Did you know? Dockercon 2021 was attended by 80,000 participants on the first day. It was an amazing experience hosting “Docker for IoT Edge devices” community room sessions for the first time in Dockercon 2021. In total, there were 6 speakers who delivered a talk about IoT, ARM, 5G, Docker & Edge. I kicked off the day with a talk around”Delivering Container-based apps to IoT Edge devices“. I discussed how Docker Buildx can be used to build ARM-based Docker images on your Macbook and pushed to Docker Hub so as to deploy it over IoT Edge devices like Jetson Nano.

During the session, I discussed Docker access to NVIDIA Jetson Nano GPU devices using Docker Compose. This was one of the feature request I raised 2 years back that was recently introduced early this year.

I spent considerable amount of time on “Docker Buildx” – a CLI plugin that extends the docker command with the full support of the features provided by Moby BuildKit builder toolkit. It provides the same user experience as docker build with many new features like creating scoped builder instances and building against multiple nodes concurrently. Please note that Docker Buildx is included in Docker Desktop and Docker Linux packages when installed using the DEB or RPM packages.

Next, I showcased a short demo around managing sensor data using Docker + NVIDIA Jetson Nano + BME680 and plotted temperature, pressure, and humidity values over Grafana.

One of the most appreciated topic was “Crowd Mask detection system“. If you have NVIDIA Jetson Nano lying around, just connect a USB camera to your board and try the below command, you will surely gonna love it.

sudo docker run --runtime nvidia --privileged --rm -it --env MASKCAM_DEVICE_ADDRESS=<your-jetson-ip> -p 1883:1883 -p 8080:8080 -p 8554:8554 maskcam/maskcam-beta

References:

What are Kubernetes Pods? | KubeLabs Glossary

Kubernetes (commonly referred to as K8s) is an orchestration engine for container technologies such as Docker and rkt that is taking over the DevOps scene in the last couple of years. It is already available on Azure and Google Cloud as a managed service.

Kubernetes can speed up the development process by making easy, automated deployments, updates (rolling-update) and by managing our apps and services with almost zero downtime. It also provides self-healing. Kubernetes can detect and restart services when a process crashes inside the container. Kubernetes is originally developed by Google, it is open-sourced since its launch and managed by a large community of contributors.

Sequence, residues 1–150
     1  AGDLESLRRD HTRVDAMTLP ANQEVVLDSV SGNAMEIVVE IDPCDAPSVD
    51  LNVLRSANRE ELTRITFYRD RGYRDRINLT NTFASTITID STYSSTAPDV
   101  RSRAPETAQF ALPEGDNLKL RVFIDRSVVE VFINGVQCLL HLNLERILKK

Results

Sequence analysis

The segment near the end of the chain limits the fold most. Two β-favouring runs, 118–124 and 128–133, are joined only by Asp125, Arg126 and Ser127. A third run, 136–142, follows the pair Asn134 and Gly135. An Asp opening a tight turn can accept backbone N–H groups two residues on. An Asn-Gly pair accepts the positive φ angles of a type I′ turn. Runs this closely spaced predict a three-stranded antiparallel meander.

Quick Overview:

  • Kubernetes pods are the foundational unit for all higher Kubernetes objects.
  • A pod hosts one or more containers.
  • It can be created using either a command or a YAML/JSON file.
  • Use kubectl to create pods, view the running ones, modify their configuration, or terminate them. Kuberbetes will attempt to restart a failing pod by default.
  • If the pod fails to start indefinitely, we can use the kubectl describe command to know what went wrong.

Why does Kubernetes use a Pod as the smallest deployable unit, and not a single container?

While it would seem simpler to just deploy a single container directly, there are good reasons to add a layer of abstraction represented by the Pod. A container is an existing entity, which refers to a specific thing. That specific thing might be a Docker container, but it might also be a rkt container, or a VM managed by Virtlet. Each of these has different requirements.

What’s more, to manage a container, Kubernetes needs additional information, such as a restart policy, which defines what to do with a container when it terminates, or a liveness probe, which defines an action to detect if a process in a container is still alive from the application’s perspective, such as a web server responding to HTTP requests.

Instead of overloading the existing “thing” with additional properties, Kubernetes architects have decided to use a new entity, the Pod, that logically contains (wraps) one or more containers that should be managed as a single entity.

Why does Kubernetes allow more than one container in a Pod?

Containers in a Pod run on a “logical host”; they use the same network namespace (in other words, the same IP address and port space), and the same IPC namespace. They can also use shared volumes. These properties make it possible for these containers to efficiently communicate, ensuring data locality. Also, Pods enable you to manage several tightly coupled application containers as a single unit.